they? The second arrived on 4th-and-9. David Shaw learned from his
mistake a week earlier; he stayed away from the fade to Levine Toilolo and called Ertz’s number instead. A 17-yard crossing
reception set Nunes up for the tying 3-yard run with 45 seconds
remaining. No. 6 had become the first Pac-12 quarterback since 2009
to rush for three scores in a game, and the Cardinal had forced
overtime with the score knotted at 48.
In the extra period, the struggling Stanford secondary was taken out
of the equation by a rejuvenated front. Henry Anderson’s length
again wreaked havoc with a passing lane. The six-foot-six defensive
end batted a Scott pass high into the air, setting Chase Thomas up
for the decisive interception. Two plays later, Stepfan Taylor
capped his 31-carry, 148-yard performance by scampering into the end
zone from 21 yards out.
Growth Taken With A Grain of Salt
It was an afternoon of growth for the Cardinal offense, which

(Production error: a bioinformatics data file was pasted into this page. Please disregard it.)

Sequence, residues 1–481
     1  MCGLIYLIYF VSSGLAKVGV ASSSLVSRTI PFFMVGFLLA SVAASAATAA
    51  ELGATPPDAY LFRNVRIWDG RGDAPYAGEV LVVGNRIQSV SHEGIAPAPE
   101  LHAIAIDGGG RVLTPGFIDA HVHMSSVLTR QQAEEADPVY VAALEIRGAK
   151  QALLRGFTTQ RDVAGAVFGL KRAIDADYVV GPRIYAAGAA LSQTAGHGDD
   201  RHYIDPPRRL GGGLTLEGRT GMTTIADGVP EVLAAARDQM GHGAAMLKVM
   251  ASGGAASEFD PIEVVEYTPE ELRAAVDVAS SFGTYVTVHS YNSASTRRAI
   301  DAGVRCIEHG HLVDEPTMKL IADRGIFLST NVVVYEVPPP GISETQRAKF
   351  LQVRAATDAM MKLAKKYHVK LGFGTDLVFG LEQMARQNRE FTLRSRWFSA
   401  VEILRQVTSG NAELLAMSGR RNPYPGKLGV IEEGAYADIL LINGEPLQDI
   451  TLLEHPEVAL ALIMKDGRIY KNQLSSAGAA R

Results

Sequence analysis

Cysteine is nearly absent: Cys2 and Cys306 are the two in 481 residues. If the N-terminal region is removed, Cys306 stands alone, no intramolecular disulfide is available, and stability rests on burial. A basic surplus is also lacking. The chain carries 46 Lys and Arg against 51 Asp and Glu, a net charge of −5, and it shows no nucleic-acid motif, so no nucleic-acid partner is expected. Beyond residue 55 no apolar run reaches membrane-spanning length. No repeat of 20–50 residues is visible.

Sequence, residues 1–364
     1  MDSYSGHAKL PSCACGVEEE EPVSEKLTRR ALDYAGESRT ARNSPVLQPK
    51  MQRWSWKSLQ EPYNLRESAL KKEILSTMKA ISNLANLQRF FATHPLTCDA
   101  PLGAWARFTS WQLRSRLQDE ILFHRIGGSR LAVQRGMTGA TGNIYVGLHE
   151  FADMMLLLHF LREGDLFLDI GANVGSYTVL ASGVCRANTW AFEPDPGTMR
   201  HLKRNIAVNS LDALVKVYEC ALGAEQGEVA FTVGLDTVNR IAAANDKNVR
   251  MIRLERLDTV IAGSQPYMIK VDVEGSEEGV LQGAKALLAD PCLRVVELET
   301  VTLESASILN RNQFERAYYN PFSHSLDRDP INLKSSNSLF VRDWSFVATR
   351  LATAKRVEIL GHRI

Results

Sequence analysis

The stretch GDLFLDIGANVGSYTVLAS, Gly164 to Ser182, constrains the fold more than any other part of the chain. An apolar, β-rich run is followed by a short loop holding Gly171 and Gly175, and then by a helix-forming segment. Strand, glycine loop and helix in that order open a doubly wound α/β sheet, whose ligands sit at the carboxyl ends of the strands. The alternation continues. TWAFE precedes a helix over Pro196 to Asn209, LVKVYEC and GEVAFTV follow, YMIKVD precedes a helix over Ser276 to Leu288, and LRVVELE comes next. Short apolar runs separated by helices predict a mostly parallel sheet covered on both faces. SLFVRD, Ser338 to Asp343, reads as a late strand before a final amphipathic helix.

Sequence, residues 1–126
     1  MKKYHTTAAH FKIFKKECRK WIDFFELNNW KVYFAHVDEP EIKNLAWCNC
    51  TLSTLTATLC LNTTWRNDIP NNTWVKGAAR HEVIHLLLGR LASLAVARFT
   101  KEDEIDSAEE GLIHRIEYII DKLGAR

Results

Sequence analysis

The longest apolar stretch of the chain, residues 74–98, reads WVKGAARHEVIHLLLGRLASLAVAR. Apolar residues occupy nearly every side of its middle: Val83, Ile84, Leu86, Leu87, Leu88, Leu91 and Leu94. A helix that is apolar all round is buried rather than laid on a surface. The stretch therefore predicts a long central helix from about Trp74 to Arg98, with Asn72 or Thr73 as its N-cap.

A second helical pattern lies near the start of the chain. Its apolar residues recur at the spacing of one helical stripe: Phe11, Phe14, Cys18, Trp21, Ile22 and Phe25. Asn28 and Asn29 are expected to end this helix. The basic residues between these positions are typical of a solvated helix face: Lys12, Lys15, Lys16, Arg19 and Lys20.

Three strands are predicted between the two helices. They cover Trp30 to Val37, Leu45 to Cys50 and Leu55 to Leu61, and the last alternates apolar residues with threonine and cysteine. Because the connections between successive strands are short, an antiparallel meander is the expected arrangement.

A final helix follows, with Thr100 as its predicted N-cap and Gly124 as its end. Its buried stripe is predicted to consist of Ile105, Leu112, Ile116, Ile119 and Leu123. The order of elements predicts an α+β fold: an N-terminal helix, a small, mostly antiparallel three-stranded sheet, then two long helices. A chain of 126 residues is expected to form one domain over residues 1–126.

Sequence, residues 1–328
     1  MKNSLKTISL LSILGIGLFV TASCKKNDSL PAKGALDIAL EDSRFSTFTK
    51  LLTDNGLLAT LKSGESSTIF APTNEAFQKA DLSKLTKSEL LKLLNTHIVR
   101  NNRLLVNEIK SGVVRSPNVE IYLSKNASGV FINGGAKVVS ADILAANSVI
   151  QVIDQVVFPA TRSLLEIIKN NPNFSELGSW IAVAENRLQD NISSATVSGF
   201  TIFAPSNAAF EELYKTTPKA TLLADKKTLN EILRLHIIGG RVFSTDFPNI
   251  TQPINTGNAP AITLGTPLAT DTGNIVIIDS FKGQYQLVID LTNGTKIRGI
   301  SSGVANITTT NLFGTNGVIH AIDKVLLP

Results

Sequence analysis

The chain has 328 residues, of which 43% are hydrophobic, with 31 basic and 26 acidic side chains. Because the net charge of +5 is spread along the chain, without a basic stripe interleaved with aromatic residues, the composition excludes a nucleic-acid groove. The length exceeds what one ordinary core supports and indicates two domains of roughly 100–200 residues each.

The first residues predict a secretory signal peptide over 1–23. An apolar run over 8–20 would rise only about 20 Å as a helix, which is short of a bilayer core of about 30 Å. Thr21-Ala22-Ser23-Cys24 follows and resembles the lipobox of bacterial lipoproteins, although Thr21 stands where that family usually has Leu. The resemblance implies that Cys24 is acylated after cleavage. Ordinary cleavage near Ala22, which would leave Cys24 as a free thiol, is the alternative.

clearly learned from the plethora of mistakes that devastated the
trek to Seattle. One of the fixes included an implementation of
running game versatility. Taking a page out of Jim Harbaugh’s and
Greg Roman’s San Francisco 49ers playbook, David Shaw and Pep
Hamilton firmly and creatively established the running game against
an undersized opponent this time around. Remound Wright, Ricky
Seale, and Kelsey Young all provided a change of pace to Taylor
after not recording a single carry against Washington.
Their work paid off. Young, perhaps Stanford’s fastest player and
product of Norco High’s Todd Gerhart (Toby’s father), bolted for the